As you may know by now, we’ve recently purchased what could well be our ‘forever home‘. We’re in the final stages and are due to exchange and complete any time now.
This house move has been a dream of ours for sometime and over the last few years we’ve been meticulously working on building up our credit rating, in order to be in the best possible position when it came down to the point of applying for our mortgage. It took time, planning and a lot of patience but all the hard work paid off when we got the go ahead to purchase our dream home.
If you too are looking to improve your credit rating ready for a house move, or for any other reason, then below are a few things you may want to consider:
Get a credit card
If you’ve never had credit before, it’s difficult for a lender to assess you. Consider taking out a low limit credit card, make a couple of purchases on it each month, like fuel for example, and then repay the balance in full at the end of the month. This will show that you can responsibly manage credit.
If you have a bad credit rating already you may struggle to get a credit card from your high street bank, but there are alternative options available to you. Companies like Vanquis specialise in helping people re-build their credit history by offering low credit limits so it’s worth exploring avenues like this should you need to.
Register on the electoral roll
Registering on the electoral roll will improve your chances of being accepted for credit. Prospective lenders and credit reference agencies use this to check you are who you say you are, and you live where you say you live.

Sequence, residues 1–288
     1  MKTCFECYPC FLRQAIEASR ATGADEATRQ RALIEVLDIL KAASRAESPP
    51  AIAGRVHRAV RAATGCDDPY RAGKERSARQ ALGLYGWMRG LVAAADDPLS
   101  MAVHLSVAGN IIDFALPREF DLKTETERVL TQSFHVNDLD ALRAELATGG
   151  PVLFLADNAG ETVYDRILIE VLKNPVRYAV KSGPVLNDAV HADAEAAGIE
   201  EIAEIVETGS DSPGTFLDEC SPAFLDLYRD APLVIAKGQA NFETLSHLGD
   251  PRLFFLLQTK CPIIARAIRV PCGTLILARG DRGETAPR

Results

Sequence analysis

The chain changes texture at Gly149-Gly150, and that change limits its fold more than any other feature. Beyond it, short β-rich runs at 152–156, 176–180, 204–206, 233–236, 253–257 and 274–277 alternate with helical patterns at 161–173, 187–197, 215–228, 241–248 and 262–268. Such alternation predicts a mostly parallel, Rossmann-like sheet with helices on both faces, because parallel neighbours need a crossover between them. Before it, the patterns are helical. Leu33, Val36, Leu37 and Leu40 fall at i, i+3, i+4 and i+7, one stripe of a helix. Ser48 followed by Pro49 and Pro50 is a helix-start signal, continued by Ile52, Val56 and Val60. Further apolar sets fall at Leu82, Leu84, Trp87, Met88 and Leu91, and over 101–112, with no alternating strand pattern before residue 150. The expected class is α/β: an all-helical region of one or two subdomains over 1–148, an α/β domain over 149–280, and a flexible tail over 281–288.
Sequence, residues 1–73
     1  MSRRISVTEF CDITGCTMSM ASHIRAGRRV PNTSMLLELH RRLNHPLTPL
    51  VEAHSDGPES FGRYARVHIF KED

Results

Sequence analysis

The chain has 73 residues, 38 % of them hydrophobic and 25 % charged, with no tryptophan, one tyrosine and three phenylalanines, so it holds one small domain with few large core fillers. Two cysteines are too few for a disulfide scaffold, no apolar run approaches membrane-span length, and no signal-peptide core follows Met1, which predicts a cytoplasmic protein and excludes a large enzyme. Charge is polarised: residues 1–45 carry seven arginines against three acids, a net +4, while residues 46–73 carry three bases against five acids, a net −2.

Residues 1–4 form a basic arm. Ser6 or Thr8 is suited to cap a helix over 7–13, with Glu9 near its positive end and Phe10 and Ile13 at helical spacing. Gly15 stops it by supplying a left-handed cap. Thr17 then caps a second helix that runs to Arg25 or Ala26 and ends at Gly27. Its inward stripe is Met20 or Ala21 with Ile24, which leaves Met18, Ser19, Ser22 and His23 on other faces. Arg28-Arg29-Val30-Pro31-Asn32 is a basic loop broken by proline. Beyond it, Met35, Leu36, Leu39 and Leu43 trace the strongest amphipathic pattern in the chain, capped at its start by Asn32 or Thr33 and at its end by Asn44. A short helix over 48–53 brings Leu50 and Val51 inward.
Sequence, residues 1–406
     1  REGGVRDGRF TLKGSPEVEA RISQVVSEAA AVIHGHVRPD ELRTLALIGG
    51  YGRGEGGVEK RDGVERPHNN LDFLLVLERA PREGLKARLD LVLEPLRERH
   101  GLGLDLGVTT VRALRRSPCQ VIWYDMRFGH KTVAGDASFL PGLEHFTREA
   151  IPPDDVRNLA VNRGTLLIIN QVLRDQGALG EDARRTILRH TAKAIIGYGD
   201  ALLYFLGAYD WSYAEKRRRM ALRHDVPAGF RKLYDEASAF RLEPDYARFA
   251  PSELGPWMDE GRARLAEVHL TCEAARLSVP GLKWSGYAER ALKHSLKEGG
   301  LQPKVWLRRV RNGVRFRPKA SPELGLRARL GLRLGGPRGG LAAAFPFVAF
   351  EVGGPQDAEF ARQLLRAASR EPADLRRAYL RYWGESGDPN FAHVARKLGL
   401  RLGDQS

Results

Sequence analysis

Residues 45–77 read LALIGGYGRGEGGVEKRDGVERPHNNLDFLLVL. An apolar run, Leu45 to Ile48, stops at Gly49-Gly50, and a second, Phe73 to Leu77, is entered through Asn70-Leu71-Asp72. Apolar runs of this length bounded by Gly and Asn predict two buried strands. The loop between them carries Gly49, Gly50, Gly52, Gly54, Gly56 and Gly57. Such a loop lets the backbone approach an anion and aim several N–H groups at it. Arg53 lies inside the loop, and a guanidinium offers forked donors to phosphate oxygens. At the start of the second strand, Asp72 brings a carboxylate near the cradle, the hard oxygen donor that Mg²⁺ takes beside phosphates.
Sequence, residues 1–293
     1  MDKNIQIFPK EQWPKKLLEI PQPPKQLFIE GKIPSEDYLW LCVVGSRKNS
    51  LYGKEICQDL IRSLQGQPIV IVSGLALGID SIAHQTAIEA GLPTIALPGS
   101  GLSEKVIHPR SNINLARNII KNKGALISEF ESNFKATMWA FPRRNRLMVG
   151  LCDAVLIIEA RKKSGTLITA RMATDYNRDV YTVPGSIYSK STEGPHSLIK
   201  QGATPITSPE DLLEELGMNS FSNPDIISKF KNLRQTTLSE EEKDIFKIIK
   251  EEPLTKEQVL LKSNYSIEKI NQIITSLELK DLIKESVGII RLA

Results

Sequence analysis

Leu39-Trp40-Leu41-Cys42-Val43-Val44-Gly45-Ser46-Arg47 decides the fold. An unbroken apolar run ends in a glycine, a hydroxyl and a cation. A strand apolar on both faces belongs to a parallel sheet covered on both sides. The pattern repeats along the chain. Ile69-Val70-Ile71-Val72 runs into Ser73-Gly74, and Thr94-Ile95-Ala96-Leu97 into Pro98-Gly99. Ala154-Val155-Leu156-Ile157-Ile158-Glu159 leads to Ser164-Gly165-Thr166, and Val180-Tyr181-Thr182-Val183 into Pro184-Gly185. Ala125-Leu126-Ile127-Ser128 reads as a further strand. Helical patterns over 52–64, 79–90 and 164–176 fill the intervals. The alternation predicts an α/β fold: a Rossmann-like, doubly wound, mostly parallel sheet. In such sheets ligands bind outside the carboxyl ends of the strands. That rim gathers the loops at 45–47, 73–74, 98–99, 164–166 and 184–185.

Pay your bills on time
One of the best things you can do in order to obtain a good credit rating is to simply pay your bills on time. Missed and late payments can stay on your credit file for up to six years, so it’s vital that you keep on top of them. Try to arrange a set date every month for all payments to come out of your account, ideally just after pay-day, that way you know you should have the money to cover everything.
Close any unused credit accounts
Close all credit accounts such as credit cards, store cards, mobile contracts and accounts that you don’t use or need anymore. Don’t just cut up the cards, you’ll actually need to call the relevant companies and get them to close down your account. If you don’t they will stay active on your credit file, showing lenders that you still have access to this additional credit.
Limit credit applications
Something I didn’t realise for a long time is that a note is put on your credit file every time a credit search is made by a lender – so don’t be reckless when applying for credit. The more credit searches carried out in a short space of time, the less likely you are to be accepted for credit. Therefore limit or space out any credit applications you make.
Your credit rating won’t go up overnight, so remain patient. After Adam went self employed we knew we’d have to wait a while to apply for a mortgage, due to the fact he would need two years worth of accounts to show our lender. We used this time to chip away at our debt and follow all of the steps above that I mentioned.
As with everything in life, there are no guarantees! However if you follow these steps consistently month after month then you should be on track to improve your credit rating just like us.